Making a Scene Presents an Interview with Andrew Leahey
Hailed by Rolling Stone for their “celebratory mix of sharp storytelling and fist-pumping rock & roll swagger,” Andrew Leahey & the Homestead are a timeless band for the modern age, rolling a decade-spanning wealth of influences — the heartland hooks of Tom Petty & the Heartbreakers, the sweeping guitars of George Harrison, the power-pop of Cheap Trick, the piano craft of Harry Nilsson — into a contemporary sound.
It’s a sound that’s taken the Nashville-based Leahey around the world, from sold-out shows in Norway, Mexico, and South Africa to a string of cross-country tours back home. Along the way, his songwriting has left a unique mark, propelling him up the Americana Airplay charts one minute with “Little in Love” (from his band’s 2016 debut, Skyline in Central Time) and finding a home on pop/rock radio with singles like “Start the Dance” and “Airwaves” (both taken from his international breakthrough, 2019’s Airwaves) the next.
Leahey breaks new ground with American Static. It’s an expansive double album, recorded with bandmates Jay Dmuchowski and Dan Holmes and stocked with the widest-reaching music of the band’s career. Released in two volumes, American Static veers between larger-than-life rock anthems (“Shadows That Still Stretch”), Beatles-inspired piano ballads (“My Avalanche”), and 1980s-influenced pop revivalism (“Become the Enemy”), its diversity glued together by a band that has never been afraid to blur the boundaries between genres. Fueled by inspired vocal performances from Leahey, who previously spent two years singing with the Juilliard Choral Union in New York City, the record doubles as a showcase for the electric guitar, featuring fretwork not only from Leahey — an in-demand guitarist who has backed up artists like Butch Walker, Will Hoge, and Elizabeth Cook (in whose band he regularly performs) — but also from guests like Sadler Vaden (Jason Isbell) and Ariel Posen (John Mayer, the Bros Landreth).
Collaboration has been a consistent thread throughout Leahey’s time in Nashville. In one of America’s busiest music scenes, he’s become a cornerstone — a musician who fronts his own band, regularly plays guitar for other acts, and hosts a series of all-star charity shows featuring artists of all stripes. Those collaborative gigs (dubbed “Homestead Holidays”) have become a staple of Nashville’s music community, raising money for social rights organizations and animal welfare agencies along the way.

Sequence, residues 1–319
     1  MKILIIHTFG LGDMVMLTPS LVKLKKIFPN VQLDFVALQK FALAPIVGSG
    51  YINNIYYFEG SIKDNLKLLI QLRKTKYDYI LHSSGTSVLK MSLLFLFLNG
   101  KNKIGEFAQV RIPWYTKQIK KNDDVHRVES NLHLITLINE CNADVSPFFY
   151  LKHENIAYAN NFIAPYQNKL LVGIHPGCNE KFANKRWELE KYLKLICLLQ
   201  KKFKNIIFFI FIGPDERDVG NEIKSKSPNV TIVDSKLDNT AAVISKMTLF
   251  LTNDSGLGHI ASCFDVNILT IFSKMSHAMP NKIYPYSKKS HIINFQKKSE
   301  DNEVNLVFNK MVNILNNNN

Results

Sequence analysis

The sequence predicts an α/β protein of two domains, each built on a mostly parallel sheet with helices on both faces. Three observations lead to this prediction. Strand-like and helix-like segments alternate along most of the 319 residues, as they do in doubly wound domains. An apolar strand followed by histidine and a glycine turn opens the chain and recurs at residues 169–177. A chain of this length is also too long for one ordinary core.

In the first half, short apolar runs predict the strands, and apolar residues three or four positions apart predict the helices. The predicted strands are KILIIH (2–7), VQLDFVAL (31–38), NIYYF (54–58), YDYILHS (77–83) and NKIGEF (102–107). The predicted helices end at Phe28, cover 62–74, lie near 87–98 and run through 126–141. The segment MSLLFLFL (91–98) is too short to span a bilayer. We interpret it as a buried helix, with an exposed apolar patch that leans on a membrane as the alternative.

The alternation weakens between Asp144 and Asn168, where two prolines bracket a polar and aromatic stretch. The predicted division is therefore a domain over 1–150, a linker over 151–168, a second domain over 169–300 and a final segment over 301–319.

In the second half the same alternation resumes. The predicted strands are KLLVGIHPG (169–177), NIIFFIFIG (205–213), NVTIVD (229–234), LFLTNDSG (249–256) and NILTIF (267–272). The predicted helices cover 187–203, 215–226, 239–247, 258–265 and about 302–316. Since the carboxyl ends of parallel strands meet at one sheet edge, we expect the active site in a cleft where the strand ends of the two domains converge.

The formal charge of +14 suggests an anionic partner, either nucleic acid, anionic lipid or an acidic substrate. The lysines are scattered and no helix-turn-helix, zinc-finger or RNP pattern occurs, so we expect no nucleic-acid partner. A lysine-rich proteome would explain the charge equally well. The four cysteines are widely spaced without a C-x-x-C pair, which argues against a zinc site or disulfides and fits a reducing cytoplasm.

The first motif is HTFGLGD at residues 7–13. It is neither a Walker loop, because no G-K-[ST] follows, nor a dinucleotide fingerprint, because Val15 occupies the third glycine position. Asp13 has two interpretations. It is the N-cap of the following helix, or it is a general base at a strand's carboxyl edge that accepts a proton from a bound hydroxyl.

Many of the 18 songs that make up American Static, Vol. 1 and American Static, Vol. 2 were debuted during the Homestead’s year-long “Live & Online” livestream residency, which found the band playing 52 weekly shows during the Covid-19 era. Those shows became a Thursday night staple for thousands of fans, landing Leahey a spot in the Top 40 of Pollstar’s Livestream chart.
For Leahey, it wasn’t the first time he’d turned to music to maintain a sense of perspective during a health scare. Years earlier, he’d been diagnosed with a brain tumor that sat on his cochlear nerve, jeopardizing not only his hearing, but his survival, too. The life-saving operation to remove the tumor took 12 hours; the recovery took more than 12 months. When Leahey returned to the road, he did so with a renewed purpose, crafting rock & roll anthems that celebrated life, longevity, and everything he’d previously taken for granted.
Years later, it’s that same sense of purpose — entwined with electric guitars, stacked harmonies, and expansive production from Jon Estes (Steelism, John Paul White) — that powers American Static.
“This project came together while we were all stuck at home,” says Leahey, who wrote all 18 tracks. “I certainly felt like a static American, shut indoors for a year. But there’s a real sense of movement to that title, too. Imagine a radio dial that’s being turned, with static occurring between stations. That static is simply the noise you have to hear before you find something better. To me, American Static represents both sides of the coin. It’s an album about immobility and transition — about the things that linger in our way, and the paths we take past them.”
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